17 Mar '16    home | more politics

Happiness and Social Systems

Measuring the happiness of an entire nation is difficult. The fourth annual World Happiness Report and its conclusions are rough but interesting. Reported in the New York Times, reader comments are most interesting. Someone with the name-tag Anna pointed to Japan having elements that are supposed to push a nation to a high ranking: social capital, high trust, a strong social safety net and an entirely homogeneous population. Yet, she writes, Japan ranks only 53rd. She says it makes her think a lot of this is cultural, that "the Japanese would probably think it was bragging to say they were extremely happy."

Denmark finished on top, followed by followed by Iceland, Norway, Finland, Canada, the Netherlands, New Zealand, Australia and Sweden – nations that tax more than does the US and lean toward capitalism and free enterprise but moderated more by high taxation, government programs and wealth distribution, and nations low in the kind of money chasing called corruption.

There were reader comments drawn from experience living abroad that spoke of long waits for medical care and not being able to choose one's doctor. There were other comments drawn from experience living abroad that supported the reports of happiness. And someone complained that the Finnish people seemed less than happy or cheerful.

A woman from Minnesota wrote:

I love capitalism. And I love socialism. Every country in the world is a mixture of the two.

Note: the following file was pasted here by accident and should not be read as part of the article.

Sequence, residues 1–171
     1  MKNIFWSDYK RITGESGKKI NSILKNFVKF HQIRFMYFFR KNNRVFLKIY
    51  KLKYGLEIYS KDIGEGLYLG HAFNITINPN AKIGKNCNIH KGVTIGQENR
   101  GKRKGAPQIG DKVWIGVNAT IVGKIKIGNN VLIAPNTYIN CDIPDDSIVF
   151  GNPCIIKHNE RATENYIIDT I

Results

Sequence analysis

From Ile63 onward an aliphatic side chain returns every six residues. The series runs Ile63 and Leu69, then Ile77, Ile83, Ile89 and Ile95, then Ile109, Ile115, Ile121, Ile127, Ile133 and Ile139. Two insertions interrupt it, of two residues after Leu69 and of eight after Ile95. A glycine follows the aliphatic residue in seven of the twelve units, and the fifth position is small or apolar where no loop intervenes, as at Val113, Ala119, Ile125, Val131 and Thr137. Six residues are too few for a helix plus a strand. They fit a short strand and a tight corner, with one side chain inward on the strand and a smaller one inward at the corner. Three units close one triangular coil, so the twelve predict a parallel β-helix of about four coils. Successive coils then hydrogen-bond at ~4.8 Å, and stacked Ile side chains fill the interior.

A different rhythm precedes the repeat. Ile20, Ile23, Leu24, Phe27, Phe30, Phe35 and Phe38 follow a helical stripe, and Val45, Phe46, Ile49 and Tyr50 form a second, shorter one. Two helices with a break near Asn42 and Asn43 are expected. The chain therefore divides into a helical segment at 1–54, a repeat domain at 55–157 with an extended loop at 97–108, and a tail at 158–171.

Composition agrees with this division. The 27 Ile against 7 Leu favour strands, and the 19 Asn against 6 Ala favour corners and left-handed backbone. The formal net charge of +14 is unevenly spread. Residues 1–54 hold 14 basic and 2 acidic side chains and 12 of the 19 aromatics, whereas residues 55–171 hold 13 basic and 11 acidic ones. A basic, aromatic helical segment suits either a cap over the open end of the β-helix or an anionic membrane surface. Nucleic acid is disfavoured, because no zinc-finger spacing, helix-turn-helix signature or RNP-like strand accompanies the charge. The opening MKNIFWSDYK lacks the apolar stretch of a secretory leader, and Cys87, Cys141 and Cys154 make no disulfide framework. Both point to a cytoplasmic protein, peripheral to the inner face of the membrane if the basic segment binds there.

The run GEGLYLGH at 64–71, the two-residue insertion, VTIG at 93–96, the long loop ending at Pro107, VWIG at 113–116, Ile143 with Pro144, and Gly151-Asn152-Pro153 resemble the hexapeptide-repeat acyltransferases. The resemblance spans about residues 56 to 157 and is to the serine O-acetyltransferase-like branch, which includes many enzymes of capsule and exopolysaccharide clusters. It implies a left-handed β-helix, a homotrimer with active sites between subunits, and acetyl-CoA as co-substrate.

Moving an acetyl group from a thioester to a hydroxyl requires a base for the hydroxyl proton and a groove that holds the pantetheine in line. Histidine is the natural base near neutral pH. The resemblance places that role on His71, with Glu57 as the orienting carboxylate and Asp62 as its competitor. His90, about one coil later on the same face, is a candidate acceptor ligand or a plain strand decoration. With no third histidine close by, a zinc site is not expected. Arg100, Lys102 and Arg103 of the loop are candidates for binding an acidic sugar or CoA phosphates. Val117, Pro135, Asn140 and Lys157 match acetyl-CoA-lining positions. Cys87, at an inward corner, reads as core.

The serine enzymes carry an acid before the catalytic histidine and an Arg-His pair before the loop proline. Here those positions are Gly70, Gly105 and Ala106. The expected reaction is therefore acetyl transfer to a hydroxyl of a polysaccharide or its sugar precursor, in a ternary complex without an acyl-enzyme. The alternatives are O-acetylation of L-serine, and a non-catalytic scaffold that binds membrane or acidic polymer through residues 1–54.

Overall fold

Free education, healthcare, reasonable minimum wages, and environmental protection can co-exist with growth, economic freedom and competition. In reality, they are synergistic. We should offer these things and constantly improve these social services with fluid, agile, (r)evolutionary government. 

Let's keep the capitalist, competitive spirit fiercer than ever while we make sure our fellow citizens are empowered to live worthy lives, via reasonable social programs and an emphasis on education. Denmark will likely never rival the economic greatness of a country like the US, but fortunately for us, the happiness and social cohesion to be found in Denmark is something we can achieve if we seek it.

There lies a simple path to societal happiness: to be able to work toward making a continually better world full of love -- for all the world's citizens -- while not worrying about what might happen if you fall sick, lose your job, or come on hard times.

Paul from Ohio looked back in history and wrote:

In World War II, after the Nazis occupied Denmark, Jews were required to sew yellow Star of David's on their clothes, as had happened elsewhere after the Germans came in. So in Copenhagen and elsewhere in the tiny country, everyone -- Jews, Christians, atheists, et al -- everyone sewed Stars of David's on their clothes. Courage, empathy, civility.

I could be happy in such a country.

Kathleen wrote:

...people in some of these countries might be happier than we are because they impose commonsense limits on antisocial behaviors, stressors like noise pollution, and the imposition of workplace demands upon family life.

Someone else:

This is not rocket science. Usually, the more affluent and democratic the country is, the happier its people are. They should have taken the money used to do this research and donated it to the poorest, least happiest countries.

As of now there are 308 reader comments. The article is found here.

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